Archive for November, 2010


Her Shadow Self

by mdjb

Let’s begin at the end.
The mourners walked away in silence, for there was nothing in that moment they could think of to say. They had stood quietly around his gravesite. They had come to celebrate his life’s work, but the sight of the simple black casket unnerved them when they realized he had created ungainly, barely beautiful art from nothing, and not one of them had raised a finger to help Mira in her greatest need. Standing by herself, she was a disheartening thing to witness.
From the window of the atelier she had had a front-row seat to a paint-by-numbers landscape. Every time János put brush to canvas, she was struck by the irreality of his vision.
Sinew and blood became so much grass and ink in describing the Master’s handiwork, and the two of them suffered for János’ persistent untimely attempts to recreate His art in deadening poverty. Such violence in his crude brush strokes only served to take him farther from His source.
Her conscience played upon her as an orchestra member might solo on a violin, but the only sound that came forth was the snapping of a rubberband. Mira provided all the comfort she was capable of, and it was little enough at times.
She was consoled by her shadow self in the moonlight of hollow nights, for once he had painted her into his rough scenario and told her there she could live forever, but he never explained why he had painted her standing alone.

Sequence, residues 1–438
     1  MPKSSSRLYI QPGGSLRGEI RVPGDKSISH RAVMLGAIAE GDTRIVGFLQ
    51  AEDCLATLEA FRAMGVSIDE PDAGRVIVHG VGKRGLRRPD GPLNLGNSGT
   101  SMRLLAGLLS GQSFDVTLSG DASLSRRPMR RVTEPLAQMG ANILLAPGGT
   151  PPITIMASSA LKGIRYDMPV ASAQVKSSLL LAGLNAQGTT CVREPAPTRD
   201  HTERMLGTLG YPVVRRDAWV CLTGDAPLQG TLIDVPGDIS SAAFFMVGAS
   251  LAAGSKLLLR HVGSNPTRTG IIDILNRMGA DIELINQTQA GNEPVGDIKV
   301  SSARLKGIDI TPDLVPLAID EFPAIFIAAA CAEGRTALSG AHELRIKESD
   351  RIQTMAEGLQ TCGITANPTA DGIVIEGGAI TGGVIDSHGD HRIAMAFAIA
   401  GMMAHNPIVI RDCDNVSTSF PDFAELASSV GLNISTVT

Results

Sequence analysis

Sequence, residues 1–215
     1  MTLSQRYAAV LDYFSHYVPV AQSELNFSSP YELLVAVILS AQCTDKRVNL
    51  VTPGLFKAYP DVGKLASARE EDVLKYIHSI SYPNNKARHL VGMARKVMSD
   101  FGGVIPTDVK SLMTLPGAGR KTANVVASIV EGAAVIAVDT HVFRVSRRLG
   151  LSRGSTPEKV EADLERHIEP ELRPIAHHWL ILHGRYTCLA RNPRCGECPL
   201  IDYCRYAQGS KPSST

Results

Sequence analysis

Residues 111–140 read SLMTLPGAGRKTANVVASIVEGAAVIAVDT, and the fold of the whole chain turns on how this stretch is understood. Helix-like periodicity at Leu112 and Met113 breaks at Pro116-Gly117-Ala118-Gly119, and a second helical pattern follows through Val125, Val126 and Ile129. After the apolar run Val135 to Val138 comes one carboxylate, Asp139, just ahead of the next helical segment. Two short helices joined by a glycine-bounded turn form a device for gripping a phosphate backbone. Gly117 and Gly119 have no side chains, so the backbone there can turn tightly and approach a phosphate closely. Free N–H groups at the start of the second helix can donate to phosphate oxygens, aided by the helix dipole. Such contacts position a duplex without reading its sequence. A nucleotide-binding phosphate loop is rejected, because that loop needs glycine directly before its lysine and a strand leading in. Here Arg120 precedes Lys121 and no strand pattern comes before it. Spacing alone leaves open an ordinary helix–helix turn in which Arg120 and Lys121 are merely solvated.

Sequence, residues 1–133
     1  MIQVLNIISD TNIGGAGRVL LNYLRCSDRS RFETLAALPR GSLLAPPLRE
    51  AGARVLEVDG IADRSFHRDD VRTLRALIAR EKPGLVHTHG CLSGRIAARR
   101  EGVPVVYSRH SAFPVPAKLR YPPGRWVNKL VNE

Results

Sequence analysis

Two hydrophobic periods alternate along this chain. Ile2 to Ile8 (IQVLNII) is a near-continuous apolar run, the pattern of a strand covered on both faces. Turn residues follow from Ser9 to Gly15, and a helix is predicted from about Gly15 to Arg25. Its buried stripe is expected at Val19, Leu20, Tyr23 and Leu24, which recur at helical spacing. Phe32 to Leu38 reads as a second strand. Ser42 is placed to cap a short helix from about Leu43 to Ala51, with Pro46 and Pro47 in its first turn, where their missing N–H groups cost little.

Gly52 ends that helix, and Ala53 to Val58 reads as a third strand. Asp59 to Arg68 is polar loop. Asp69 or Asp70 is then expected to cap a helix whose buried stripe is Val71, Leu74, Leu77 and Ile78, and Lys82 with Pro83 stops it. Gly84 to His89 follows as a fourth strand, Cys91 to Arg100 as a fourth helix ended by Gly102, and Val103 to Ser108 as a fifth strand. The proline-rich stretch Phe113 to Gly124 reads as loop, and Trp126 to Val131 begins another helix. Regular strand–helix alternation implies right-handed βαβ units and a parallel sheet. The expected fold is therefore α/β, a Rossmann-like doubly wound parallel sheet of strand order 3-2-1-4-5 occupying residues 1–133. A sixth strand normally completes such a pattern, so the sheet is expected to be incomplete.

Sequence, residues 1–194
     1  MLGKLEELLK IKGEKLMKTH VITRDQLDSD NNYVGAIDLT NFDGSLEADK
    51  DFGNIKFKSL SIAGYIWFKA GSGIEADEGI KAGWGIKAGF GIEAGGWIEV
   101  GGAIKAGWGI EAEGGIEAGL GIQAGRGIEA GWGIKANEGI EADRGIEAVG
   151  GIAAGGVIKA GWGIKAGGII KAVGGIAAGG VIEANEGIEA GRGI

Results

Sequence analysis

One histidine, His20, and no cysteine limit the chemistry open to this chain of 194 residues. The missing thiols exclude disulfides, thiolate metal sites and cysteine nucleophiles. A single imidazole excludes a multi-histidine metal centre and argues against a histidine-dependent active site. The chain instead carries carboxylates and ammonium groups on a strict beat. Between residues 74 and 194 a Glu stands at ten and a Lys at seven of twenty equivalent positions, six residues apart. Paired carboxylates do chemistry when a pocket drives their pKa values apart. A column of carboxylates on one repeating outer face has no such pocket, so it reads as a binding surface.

Going Solo

by mdjb

I was too late. It was the first time I would miss my solo since the first day I joined up with Scarpy’s ensemble. I was stuck on an elevator going nowhere when I could have walked up the stairs easily enough. At first, I grew grumpy thinking I had messed up badly, that it was a sign of things to come. I did not move a muscle.
I thought I had rust on my joints and acid running through a vein on its way to my heart, but as I knew that was where the music resided, I did not allow it to get the better of me.
I shifted my red backpack and considered pulling out the mandolin to play it right there in the stopped car, but as the thought of playing passed through my head, the cables jerked. I felt them as surely as I could feel the resanguinated acid flowing through my arteries. Then, the elevator dropped back down to the lobby. Why, when I was so musically inclined, had I sat motionless for so long? Was I trying to tell myself something?